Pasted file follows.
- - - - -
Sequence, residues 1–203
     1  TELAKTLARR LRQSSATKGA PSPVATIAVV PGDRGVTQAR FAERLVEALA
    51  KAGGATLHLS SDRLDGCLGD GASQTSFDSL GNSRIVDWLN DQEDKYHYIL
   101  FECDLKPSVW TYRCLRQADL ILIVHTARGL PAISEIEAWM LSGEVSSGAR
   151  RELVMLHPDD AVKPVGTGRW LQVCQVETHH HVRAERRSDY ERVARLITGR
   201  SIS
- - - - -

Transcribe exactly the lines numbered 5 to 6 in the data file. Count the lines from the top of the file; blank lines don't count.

   151  RELVMLHPDD AVKPVGTGRW LQVCQVETHH HVRAERRSDY ERVARLITGR
   201  SIS